Caradoc Evans

Caradoc Evans (1878 – 1945, EW), was a story writer, novelist and playwright brought up in a Welsh-speaking community in Rhydlewis, Cardiganshire. He moved to London where he worked as a draper’s apprentice and then became a journalist. He worked for The Daily Mirror from 1917 before editing T.P.’s Weekly from 1923 until the weekly folded in 1929. His first (and possibly most important) work of fiction was a series of short stories called My People, published by Andrew Melrose in 1915. It may be compared James Joyce’s Dubliners. Evans wished to shock the Welsh out of their complacency and smugness by contrasting the pieties of non-conformist Christianity with the brutal realities of poverty, meanness and hypocrisy he had personally experienced. Dylan Thomas’s early and more surreal writing is said to be influenced by Caradoc’s My People.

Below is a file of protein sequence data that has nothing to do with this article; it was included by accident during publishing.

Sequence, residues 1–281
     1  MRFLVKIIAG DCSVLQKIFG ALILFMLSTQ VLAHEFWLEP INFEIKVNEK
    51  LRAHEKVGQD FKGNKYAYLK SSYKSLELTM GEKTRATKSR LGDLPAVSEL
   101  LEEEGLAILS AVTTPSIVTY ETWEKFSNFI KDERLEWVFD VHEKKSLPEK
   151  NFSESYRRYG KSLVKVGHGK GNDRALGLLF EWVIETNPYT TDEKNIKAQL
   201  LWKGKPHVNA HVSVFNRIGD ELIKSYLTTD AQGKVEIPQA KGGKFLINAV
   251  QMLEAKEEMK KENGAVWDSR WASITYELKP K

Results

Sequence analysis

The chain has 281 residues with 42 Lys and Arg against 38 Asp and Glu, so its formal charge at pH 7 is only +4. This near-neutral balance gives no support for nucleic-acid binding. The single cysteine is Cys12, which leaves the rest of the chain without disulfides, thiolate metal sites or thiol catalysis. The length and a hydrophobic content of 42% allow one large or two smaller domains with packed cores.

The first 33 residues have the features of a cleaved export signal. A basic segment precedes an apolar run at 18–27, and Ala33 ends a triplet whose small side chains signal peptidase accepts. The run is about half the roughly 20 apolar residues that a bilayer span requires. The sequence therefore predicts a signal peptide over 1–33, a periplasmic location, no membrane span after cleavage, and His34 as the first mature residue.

• My People (1915)
  • Capel Sion (1916)
  • My Neighbours (1919)
  • Taffy (1923)
  • Nothing to Pay (1930)
  • Wasps (1933)
  • This way to heaven (1934)
  • Kitty Shore’s Magic Cake (1934)
  • Pilgrims in a Foreign Land (1942)
  • Morgan Bible (1943)
  • The Earth Gives All and Takes All (1946)

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